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Commentarius, Commentarii

ὑπομνήματα). Properly notes or note-books. Hence the word acquires a variety of meanings, of which the most important are the following:


Commentarii domestici, or family memorials, the records of events interesting to the members of particular families.


The “memoirs” drawn up by public men as to events in which they had taken part. See above.


Memoranda kept by different departments of the public service, the officials in charge of them being known as a commentariis.


In towns a register kept of the official acts of the municipal authorities. We have interesting extracts from the commentarii of Caeré in an inscription in the Museum at Naples (Wilmanns, 2083).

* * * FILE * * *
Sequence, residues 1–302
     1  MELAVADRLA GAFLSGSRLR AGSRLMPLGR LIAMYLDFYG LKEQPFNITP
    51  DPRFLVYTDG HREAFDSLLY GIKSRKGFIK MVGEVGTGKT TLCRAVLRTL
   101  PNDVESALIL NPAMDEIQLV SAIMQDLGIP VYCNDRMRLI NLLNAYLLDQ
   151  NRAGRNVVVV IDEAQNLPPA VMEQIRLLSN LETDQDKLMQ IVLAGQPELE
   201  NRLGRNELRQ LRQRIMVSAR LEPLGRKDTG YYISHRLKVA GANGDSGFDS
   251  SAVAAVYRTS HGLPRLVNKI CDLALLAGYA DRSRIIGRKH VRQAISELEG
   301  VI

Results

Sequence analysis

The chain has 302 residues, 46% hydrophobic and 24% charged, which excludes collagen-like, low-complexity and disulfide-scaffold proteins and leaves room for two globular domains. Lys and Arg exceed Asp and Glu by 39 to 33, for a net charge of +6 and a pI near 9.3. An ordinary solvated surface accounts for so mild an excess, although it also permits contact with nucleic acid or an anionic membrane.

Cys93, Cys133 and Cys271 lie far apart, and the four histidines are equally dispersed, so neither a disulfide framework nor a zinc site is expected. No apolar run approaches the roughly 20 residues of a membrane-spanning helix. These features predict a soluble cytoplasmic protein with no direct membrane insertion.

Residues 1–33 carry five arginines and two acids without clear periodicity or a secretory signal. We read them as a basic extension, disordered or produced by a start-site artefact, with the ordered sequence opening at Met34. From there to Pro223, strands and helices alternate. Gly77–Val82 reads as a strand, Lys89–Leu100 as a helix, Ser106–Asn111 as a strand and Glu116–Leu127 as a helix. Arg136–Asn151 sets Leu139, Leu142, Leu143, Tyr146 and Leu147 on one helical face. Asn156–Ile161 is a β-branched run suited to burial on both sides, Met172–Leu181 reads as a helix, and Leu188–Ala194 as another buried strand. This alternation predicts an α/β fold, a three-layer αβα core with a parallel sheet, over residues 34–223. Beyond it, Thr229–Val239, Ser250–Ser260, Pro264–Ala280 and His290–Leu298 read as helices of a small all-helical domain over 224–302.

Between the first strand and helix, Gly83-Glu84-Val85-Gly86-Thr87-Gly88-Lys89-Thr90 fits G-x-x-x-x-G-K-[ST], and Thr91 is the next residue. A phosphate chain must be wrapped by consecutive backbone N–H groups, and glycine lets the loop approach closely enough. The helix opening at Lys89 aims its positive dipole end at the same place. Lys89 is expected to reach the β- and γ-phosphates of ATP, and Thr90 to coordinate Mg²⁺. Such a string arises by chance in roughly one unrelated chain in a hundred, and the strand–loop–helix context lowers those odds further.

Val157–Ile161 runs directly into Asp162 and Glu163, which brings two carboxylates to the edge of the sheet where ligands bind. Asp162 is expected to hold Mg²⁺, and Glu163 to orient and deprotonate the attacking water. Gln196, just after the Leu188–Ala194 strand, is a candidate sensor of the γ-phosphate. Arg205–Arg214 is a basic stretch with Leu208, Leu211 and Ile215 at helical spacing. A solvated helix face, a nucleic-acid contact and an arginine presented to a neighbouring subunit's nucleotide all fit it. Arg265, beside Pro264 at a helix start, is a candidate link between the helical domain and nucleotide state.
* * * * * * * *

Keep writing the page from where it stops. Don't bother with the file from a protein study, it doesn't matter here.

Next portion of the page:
The unofficial record of recent events at Rome, sent by Caelius to Cicero in Cilicia, is called by him commentarii rerum urbanarum (Ad Fam. viii. 2, 2).


The record of the daily occurrences at court kept in commentarii diurni (Suet. Aug. 64), a kind of private diary, which must be distinguished from the formal acta and also from


Commentarii principis, the register of the emperor's official decisions (Plin. Ep. x. 106) and of accusations brought before him (Calig. 15).


Tacitus once ( Ann. xv. 74) speaks of commentarii senatus, by which he can hardly mean anything but the acta senatus. See Acta.

hide References (2 total)
  • Cross-references from this page (2):
    • Suetonius, Divus Augustus, 64
    • Pliny the Younger, Epistulae, 10.106
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